One of motorsport’s most successful icons and the darling of the British public, the Mini Cooper would have never happened if the original car’s creator, Sir Alec Issigonis, had his way. Keen to ensure that his brainchild would remain the people’s champion, he was never a fan of the notion of building the Mini for competitive motorsport. Thankfully however, his friend, F1 and rally engineer, John Cooper was a persuasive man. In 1961, two years after launch, he gained clearance from the purse-clenching BMC (British Motor Corporation) management to build a new, go-faster version that would embark on a championship-hunting quest that would define the marque.
While Issigonis designed the Mini’s chassis set-up and innovative transverse engine layout to offer occupants and their luggage best use of space (an unrivalled 80% of the car’s footprint), Cooper saw only unbridled motorsport potential. With suspension that rebuffed traditional methods in favour of a firm, rubber-based system designed by Dr. Alex Moulton, the standard Mini offered phenomenal handling and more than adequate performance from the 848cc A-Series engine. Dynamically, the base car was a race engineer’s dream, albeit a pocket-sized one.
When launched in September 1961, 1,000 Mini Coopers were originally commissioned in order to meet Group 2 rally homologation rules. The road cars featured a tuned version of the A-Series, using a stroked crank to achieve 997cc and twin SU carburettors to help increase power from 34 to 55bhp. A close-ratio gearbox (mounted beneath the engine and utilising a common oil source, as per the original design) and disc brakes at the front, unusual for such a small vehicle, were further performance-focused enhancements.
Early ’60s motorsport was very much about horsepower and rear-wheel drive. If there were any fears about the Cooper’s ability to compete, these doubts were soon crushed. Piloted by John Whitmore, who was also in his debut season, in 1961 the car won the British Saloon Car Championship at its first time of asking. Success was not limited to Tarmac: it also won the British Rally Championship in 1962, ’63 and ’70.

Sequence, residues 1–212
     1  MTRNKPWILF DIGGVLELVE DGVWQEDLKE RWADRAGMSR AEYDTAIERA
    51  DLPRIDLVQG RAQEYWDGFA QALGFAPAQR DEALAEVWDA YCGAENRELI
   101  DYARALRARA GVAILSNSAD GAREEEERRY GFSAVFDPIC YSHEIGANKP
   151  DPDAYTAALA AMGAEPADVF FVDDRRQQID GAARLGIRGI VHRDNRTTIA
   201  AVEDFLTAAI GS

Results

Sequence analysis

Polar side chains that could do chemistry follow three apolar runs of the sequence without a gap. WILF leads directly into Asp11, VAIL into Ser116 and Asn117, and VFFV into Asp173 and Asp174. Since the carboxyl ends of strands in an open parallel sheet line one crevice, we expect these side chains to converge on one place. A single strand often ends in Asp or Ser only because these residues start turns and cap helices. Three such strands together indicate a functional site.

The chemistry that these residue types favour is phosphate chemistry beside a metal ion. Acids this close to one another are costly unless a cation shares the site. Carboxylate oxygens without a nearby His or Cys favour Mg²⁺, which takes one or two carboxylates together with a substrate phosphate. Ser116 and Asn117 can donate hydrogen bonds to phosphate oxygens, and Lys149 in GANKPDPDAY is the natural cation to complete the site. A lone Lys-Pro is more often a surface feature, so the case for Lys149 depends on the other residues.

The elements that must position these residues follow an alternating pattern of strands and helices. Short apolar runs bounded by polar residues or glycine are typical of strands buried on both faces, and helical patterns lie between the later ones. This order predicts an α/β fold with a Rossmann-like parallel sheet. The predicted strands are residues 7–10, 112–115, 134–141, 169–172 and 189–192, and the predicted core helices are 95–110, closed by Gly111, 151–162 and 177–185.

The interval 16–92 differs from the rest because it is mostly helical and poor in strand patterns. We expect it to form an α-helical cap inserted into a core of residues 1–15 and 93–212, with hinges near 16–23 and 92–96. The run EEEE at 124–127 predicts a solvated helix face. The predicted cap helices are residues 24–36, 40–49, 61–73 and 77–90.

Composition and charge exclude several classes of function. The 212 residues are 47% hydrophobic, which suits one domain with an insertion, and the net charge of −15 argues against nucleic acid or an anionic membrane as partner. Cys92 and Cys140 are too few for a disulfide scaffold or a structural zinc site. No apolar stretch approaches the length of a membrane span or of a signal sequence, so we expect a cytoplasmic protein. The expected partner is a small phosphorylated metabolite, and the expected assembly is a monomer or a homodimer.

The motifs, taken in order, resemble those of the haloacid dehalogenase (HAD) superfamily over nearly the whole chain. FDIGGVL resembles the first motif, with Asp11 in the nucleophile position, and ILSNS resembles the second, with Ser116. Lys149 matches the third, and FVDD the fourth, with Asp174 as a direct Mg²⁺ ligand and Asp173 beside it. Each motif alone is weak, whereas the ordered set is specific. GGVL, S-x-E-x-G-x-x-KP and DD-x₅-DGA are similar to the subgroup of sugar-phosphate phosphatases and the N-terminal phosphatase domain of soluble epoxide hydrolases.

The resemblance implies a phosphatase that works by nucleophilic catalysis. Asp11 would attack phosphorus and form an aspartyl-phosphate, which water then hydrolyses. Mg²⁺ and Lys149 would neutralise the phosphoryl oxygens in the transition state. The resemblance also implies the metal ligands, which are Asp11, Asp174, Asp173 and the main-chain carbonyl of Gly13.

The Cooper’s introduction led to an incredible and well documented period of success as it continued to evolve through numerous updates and incarnations. The rostrum of championship and notable rally successes includes the infamous Monte Carlo Rally in ’64, ’65 and ’67, the arduous 1000 Lakes in ’65, ’66 and ’67; further British Saloon Car Championship triumphs in ’62. ’69, ’78 and ’79; British Rally Championship victories in ’62, ’63 and ’70; European Rally Championship wins in ’65 and ’66; and numerous championships globally over an almost two-decade period.
These were the days when motorsport and commercial success were intrinsically linked, and it can be no coincidence that in 1961 the Mini became the first British car to sell 1,000,000 units.
The Cooper’s success led to further updates, including a shorter stroke, larger bore 998cc A-Series engine and more powerful Cooper S versions that inspired the introduction of ‘big-car’ technology such as servo-assisted brakes. Engine capacity grew to 1071cc and, eventually, through to the famous 1275cc.
The Cooper boom inspired Mini production all over the world and it went on to be built thousands of miles from the Longbridge and Cowley plants synonymous with its production. Australia, Spain, Belgium, Italy, Malta, Portugal, South Africa, Uruguay, Malta, Venezuela and Yugoslavia (as it was then) all had plants producing domestic market Mini manifestations.
An icon of its time that’s still enjoyed by millions of enthusiasts the world over, there have been few more successful UK exports and none that encapsulate, quite so compactly, the idea of ‘Great Britishness’.